Considering McDonald’s has a clown mascot, it shouldn’t be too surprising to learn that its branding can be scary. Take the large models that dotted its stores, for instance. Some were in the shape of the aforementioned Ronald McDonald. The creepy bug-eyed apple pie tree was just as unforgettable. It made you wonder if you were there for a meal or if you were going to become one yourself.
7. Pizza Hut reading pins
In the 1980s then-president Ronald Reagan asked businesses to get involved in education. And the Pizza Hut president Art Gunther was inspired by his son’s reading difficulties to answer the call. As such, he created a program called Book It! to reward kids for reading with free pizza and merchandise. Art told the Los Angeles Times in 1985 that he was “truly motivated by my son and my love for him.”
In 1971 a collaboration between the company Hasbro and TV series Romper Room created egg-shaped toys with human features. The products’ selling point was attributed to their ovoid shape which could stay upright. Its commercial explained, “Weebles wobble, but they won’t fall down.” That’s a good life lesson, thanks guys.
5. Woolworth’s Christmas stockings
Many a Christmas memory begins with a sugar high, and that’s just what Woolworth’s provided. These vintage stockings came with a mesh front so you could see what you were getting. But if you imagine that dulled the excitement, think again. Tearing those stockings open to get at the candy and toys inside was a real treat.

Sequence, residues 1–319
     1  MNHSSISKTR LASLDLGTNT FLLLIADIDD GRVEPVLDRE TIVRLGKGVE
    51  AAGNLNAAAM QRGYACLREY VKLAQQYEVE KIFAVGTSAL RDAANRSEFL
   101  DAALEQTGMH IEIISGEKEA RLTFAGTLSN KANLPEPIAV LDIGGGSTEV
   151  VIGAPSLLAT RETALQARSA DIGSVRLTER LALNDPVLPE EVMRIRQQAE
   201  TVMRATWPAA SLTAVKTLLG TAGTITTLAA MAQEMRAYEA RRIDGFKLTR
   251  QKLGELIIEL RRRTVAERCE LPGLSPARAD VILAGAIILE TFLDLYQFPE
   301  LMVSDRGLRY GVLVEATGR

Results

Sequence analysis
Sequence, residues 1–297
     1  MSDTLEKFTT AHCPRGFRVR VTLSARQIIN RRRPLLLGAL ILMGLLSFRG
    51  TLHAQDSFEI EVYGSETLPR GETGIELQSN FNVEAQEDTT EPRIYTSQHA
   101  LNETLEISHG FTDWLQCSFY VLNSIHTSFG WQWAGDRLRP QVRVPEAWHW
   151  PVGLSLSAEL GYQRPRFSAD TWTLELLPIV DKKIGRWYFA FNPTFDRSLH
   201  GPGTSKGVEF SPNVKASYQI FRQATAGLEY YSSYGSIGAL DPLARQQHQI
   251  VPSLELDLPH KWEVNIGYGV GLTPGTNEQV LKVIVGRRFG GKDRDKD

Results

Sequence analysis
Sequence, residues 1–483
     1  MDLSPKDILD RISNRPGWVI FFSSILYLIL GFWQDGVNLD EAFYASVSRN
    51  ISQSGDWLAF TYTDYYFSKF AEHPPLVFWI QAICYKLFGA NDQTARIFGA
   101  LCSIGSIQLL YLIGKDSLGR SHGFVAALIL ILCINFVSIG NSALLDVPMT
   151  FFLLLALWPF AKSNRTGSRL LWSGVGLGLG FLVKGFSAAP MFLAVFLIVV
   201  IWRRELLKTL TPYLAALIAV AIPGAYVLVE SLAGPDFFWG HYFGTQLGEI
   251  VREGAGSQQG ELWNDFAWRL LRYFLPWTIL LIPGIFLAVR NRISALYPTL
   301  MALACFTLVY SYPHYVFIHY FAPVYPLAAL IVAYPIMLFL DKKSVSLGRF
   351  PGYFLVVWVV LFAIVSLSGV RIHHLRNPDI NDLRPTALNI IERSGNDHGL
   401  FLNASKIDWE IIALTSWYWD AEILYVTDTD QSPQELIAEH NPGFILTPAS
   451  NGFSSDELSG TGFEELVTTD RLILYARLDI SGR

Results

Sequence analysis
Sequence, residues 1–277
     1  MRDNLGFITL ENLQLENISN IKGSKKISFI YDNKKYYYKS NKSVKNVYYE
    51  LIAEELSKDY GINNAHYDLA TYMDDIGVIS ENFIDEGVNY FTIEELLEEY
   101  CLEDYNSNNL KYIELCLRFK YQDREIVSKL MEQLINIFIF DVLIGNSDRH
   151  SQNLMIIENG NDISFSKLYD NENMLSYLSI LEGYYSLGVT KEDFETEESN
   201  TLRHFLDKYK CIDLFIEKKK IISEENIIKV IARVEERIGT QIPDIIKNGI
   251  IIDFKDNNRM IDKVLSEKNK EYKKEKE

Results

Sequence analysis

4. Payphone booths
Believe it or not kids, phones didn’t always fit in your pocket. A few decades ago if you weren’t lucky enough to have a home phone, you had to use the dreaded pay phone booths. Naturally, you’ll still see them in some places today. They’re convenient but prone to graffiti, vandalism and often serve as public toilets. Makes you appreciate smartphones a bit more, right?
There are some toys that just seem to gravitate towards your heels. After all, anyone who’s ever stepped on a Lego brick will tell you how much it hurts. But if you’ve never had Jacks in the house, you should consider yourself lucky. These little metal spikes are more like weapons of war than toys – especially when they’re sticking in your foot.
2. Foil-wrapped Ding Dongs
Hostess did the world a favor when it brought Ding Dong snack cakes into the world. The combination of chocolate sponge, frosting and a creamy filling make them a true delight. They’re still made today – minus the aluminum foil of yesteryear. That’s great for the environment, but licking the wrapping just isn’t the same.
1. Jiffy Pop popcorn
Those of you who remember life before every kitchen had a microwave may remember Jiffy Pop popcorn. The concept was ingenious – Jiffy provided unpopped corn in an aluminum pan that you cooked over a stove. The process not only made you feel like a chef but also delivered a tasty home-cooked snack. Moreover, you can still get it today in all its original glory – albeit in butter flavor only.